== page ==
How can something with no mass be affected by gravity?

I was reading the thread about black holes and noticed the statement that light cannot escape from black holes. I had always known this, but I guess I never thought about it. Light is simply electromagnetic waves. Electromagnetic waves are a mode of transportation for energy. While energy moves in the form of electromagnetic waves, it has no mass. So how can light, which has no mass, be affected by the gravity of a black hole? I thought gravity only acted upon objects with mass?

Light has mass under certain circumstances, never could get my physics teacher to fully explain this to me though. But photons do have mass.

Light has relativistic mass, in that it has mass because it’s moving so fast. If a photon were to stand still (which is not really possible) it would be massless.

I remember that things get more massive as they move faster, but something with no mass becomes massive?

In a word, yes.

Slight hijack but kinda relevant:

What is the current thinking on gravitons? (the particles that are supposed to be the quanta of gravity, and propagate it, in the same way photons are for light.) Do they tie in with Quantum Gravity, or do they contradict it? Also, if the escape velocity of a black hole is > c, how can these gravitons escape from it, i.e. how can the black hole influence its surroundings graviationally? I tried a few searches on Google but couldn’t find anything that explains this in high-school physics terms.

A photon has neither rest mass nor relativistic mass. It is sometimes considered to have gravitational mass, but only a very few physicist subscribe to this term. A photon on the other hand very definitely has energy ( E = Planck’s constant * frequency) and energy can both create and be affected by a gravitational field.

Real gravitons constitute gravitational waves and are predicted by string theory. On the other hand the gravitational force (loosely speaking) is mediated by virtual gravitons which are not constrained by the speed of light and therefore have no trouble escaping the hole. However string theory or quantum gravity is not yet a developed theory and for several reasons cannot be tested experimentally.

Also, relativistic mass is no longer used by most scientists - it is confusing and would mean that an objects longitudinal mass would be different from its transverse mass.

Doesn’t mass distort space? Even a massless particle has to move thru space, therefore it will be affected by mass. IIRC.

Somewhat related topic

Are neutrinos unaffected by black holes?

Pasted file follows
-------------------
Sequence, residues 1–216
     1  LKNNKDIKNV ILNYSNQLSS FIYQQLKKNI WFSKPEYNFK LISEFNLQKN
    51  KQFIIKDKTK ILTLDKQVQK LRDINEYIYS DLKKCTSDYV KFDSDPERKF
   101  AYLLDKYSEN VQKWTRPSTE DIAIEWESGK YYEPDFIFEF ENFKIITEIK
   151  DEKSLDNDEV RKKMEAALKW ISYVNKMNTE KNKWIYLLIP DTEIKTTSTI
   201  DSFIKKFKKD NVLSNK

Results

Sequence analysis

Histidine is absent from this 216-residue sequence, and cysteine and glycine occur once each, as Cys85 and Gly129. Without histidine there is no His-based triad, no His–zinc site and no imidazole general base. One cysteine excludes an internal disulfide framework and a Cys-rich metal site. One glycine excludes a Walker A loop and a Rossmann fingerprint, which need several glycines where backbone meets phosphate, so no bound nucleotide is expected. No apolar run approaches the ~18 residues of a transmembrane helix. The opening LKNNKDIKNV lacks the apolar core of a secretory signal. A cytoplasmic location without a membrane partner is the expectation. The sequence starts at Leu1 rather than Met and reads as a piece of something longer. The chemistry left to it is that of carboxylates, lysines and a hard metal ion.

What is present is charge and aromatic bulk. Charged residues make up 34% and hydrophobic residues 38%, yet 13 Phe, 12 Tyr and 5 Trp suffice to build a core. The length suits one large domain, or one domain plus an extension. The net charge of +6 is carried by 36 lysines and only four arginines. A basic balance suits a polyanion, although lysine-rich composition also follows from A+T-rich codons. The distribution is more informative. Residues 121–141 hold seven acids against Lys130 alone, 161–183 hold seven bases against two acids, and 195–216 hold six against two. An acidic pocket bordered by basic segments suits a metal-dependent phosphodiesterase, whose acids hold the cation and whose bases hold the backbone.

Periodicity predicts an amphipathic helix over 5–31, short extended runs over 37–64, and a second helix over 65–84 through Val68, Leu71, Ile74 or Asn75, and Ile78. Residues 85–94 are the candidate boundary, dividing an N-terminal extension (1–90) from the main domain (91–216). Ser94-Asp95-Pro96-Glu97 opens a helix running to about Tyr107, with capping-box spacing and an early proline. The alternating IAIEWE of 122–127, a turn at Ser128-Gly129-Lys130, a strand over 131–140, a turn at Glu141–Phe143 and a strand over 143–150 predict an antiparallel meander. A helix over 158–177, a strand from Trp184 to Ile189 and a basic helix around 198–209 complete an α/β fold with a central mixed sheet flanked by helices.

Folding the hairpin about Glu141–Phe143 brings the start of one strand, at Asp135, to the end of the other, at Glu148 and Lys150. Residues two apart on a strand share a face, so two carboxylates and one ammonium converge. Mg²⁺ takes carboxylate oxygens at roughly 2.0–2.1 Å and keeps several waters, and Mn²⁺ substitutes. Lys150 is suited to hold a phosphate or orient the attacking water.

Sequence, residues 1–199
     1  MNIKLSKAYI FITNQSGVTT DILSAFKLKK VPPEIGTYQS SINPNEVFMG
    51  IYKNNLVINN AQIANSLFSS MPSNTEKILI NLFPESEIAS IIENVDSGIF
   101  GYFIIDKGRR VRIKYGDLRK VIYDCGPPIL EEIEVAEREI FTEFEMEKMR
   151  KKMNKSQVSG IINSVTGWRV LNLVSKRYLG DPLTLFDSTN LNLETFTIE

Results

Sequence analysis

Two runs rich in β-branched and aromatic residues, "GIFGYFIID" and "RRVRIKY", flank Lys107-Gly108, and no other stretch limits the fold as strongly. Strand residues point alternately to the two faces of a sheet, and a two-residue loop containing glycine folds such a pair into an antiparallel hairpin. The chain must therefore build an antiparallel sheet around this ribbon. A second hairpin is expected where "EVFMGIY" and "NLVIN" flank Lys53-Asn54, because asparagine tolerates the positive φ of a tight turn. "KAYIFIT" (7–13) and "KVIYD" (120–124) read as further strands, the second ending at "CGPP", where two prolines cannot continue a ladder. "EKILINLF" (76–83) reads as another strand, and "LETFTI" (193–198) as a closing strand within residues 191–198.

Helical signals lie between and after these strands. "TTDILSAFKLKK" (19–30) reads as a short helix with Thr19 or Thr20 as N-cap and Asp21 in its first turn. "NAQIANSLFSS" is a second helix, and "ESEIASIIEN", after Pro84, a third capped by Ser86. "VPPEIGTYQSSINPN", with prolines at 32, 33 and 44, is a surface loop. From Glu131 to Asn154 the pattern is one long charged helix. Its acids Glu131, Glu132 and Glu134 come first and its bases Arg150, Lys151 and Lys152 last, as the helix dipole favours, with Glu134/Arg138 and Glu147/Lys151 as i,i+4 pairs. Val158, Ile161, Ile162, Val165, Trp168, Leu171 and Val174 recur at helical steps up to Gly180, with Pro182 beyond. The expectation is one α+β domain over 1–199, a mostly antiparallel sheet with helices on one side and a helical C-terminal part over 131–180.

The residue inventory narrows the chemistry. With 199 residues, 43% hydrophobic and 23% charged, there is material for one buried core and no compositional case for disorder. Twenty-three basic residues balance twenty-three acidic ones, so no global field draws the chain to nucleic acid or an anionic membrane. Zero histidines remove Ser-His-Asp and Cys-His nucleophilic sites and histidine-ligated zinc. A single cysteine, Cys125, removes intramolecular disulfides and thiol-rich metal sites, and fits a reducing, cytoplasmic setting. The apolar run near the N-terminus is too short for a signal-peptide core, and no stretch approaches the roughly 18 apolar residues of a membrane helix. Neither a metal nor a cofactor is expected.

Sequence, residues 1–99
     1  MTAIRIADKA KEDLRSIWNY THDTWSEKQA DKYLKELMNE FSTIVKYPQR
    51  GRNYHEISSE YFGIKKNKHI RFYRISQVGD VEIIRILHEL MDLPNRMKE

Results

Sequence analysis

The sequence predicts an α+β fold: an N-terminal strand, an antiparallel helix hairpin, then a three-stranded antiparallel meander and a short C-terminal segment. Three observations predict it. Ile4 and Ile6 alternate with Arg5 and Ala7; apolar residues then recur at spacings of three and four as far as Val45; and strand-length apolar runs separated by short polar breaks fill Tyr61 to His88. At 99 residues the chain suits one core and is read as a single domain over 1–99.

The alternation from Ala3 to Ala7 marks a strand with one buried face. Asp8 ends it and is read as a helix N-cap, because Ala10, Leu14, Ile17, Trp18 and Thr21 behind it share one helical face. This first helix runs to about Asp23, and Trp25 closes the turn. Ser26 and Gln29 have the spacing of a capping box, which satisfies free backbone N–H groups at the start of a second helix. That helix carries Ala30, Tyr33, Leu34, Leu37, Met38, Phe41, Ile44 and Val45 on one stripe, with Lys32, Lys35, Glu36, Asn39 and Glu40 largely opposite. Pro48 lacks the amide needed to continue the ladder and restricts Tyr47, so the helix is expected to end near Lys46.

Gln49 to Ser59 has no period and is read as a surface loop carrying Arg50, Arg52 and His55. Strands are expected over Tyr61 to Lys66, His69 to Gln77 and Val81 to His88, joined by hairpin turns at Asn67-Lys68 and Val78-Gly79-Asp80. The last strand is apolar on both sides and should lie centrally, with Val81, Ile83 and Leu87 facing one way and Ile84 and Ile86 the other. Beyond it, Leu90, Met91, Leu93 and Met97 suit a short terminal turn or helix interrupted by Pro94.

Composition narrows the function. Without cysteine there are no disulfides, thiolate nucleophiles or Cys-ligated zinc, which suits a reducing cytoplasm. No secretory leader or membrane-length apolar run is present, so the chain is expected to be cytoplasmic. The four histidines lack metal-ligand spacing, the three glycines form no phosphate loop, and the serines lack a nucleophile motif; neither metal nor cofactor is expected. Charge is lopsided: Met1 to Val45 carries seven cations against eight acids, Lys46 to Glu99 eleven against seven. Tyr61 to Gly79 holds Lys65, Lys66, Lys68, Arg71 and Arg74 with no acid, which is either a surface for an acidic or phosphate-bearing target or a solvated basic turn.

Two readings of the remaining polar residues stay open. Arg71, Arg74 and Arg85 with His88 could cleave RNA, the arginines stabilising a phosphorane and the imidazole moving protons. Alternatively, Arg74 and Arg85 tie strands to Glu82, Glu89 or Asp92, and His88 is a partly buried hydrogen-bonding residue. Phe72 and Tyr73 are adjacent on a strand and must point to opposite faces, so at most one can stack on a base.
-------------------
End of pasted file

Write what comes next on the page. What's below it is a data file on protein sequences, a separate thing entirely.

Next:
There you go! Gravity = curved space. A photon will travel in a straight line through curved space. So, it appears to curve (be affected by gravity).

Which is really related to the fact that energy and mass are different aspects of the same thing.

-b

Is my answer right then? Do I win? Do I win?

The photon “appears” to travel in a curve because
space is curved? Or does the photon take a curve because space it travels in is curved? Didn’t those photons from a distant star that travelled in a curve because of the sun go in a curve around the sun in a famous experiment in 1900 or so. The sun was in eclipse at the time and they knew these stars were behind the sun, but still their light came to us because the rays curved around because of the huge sun distorting the space around it because it was so big.
And now I’m wondering just how big does a body have to be before it curves the space around itself? Moon size?
Half moon size?

Anything with mass would curve space, but not necessarily enough to be noticable.

My questions is: is space really “curved” or is this just a convenient way for us to picture gravity? What is it that is being “curved”?

That’s an interesting question because in order for 3 dimensional space to be curved there would have to a fourth spatial dimension for it to curve into. Time is not a fourth spatial dimension and therefore it will not serve the purpose.

What this really means is that the intrinsic geometry of space is curved. And all this means is that an object will follow a certain path through space while traversing it. Many scientists don’t like the term curvature but accept that it is so ingrained in the language that there is no doing away with it.